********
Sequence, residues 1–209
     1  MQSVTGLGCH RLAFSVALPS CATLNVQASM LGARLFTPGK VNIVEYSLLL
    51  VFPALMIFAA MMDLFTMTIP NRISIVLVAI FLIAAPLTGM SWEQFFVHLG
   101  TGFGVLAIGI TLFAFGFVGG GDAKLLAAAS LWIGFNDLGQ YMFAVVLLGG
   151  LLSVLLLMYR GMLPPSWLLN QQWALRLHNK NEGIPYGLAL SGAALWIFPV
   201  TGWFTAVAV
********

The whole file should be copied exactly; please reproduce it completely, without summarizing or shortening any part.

Sequence, residues 1–209
     1  MQSVTGLGCH RLAFSVALPS CATLNVQASM LGARLFTPGK VNIVEYSLLL
    51  VFPALMIFAA MMDLFTMTIP NRISIVLVAI FLIAAPLTGM SWEQFFVHLG
   101  TGFGVLAIGI TLFAFGFVGG GDAKLLAAAS LWIGFNDLGQ YMFAVVLLGG
   151  LLSVLLLMYR GMLPPSWLLN QQWALRLHNK NEGIPYGLAL SGAALWIFPV
   201  TGWFTAVAV